Friday, April 20, 2018

Urban challenges make city birds smarter than rural ones

The great tit songbird, a menace to milkmen everywhere.
(Photo by Joe Tobias)
Life is a lot harder for birds living in cities, but the challenges have apparently sharpened some birds' wits and made them smarter than rural birds. Read how in this article in Aeon by Menno Schilthuizen, an excerpt from his upcoming book Darwin Comes to Town: How the Urban Jungle Drives Evolution.

Some adaptations he describes seem sensible, and some almost defy belief. Carrion crows in the Japanese city of Sendai, for example, figured out an excellent way to break open walnuts. The local walnuts are too tough for them to crack, so country crows fly high and drop the nuts on rocks to break them. Sendai crows, though, realized the nuts would crack easier when dropped under the wheels of slow-moving cars.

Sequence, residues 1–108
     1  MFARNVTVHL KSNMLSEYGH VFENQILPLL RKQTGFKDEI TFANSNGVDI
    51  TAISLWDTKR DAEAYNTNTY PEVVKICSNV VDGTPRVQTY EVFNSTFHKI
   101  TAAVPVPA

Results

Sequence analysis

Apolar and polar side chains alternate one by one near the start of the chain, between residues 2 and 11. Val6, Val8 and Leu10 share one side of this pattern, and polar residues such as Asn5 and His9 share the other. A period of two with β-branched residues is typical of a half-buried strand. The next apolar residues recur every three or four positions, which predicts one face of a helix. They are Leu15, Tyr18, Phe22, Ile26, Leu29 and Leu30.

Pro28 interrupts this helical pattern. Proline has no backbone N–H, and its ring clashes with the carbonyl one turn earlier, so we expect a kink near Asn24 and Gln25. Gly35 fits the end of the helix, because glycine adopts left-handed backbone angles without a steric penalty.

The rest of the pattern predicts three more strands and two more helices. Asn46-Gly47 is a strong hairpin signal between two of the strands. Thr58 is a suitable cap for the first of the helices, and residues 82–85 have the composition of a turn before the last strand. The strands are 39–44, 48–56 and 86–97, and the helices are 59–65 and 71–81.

A songbird called a great tit was also well-known for its puzzle-solving prowess in early 20th century England. Some figured out how to open the glass bottles of milk left at doorsteps in the morning. Birds can't digest lactose, but the layer of cream at the top of the bottle contains very little lactose and a lot of fat that birds need in the winter. Dairies tried to stymie the birds with wax-sealed caps, then aluminum, but tits figured out how to open both. After dairies began offering skim and homogenized milk (which have no layer of cream on top), tits learned which color cap denoted whole milk and, apparently, were able to teach their friends the secret.

Read here for more.

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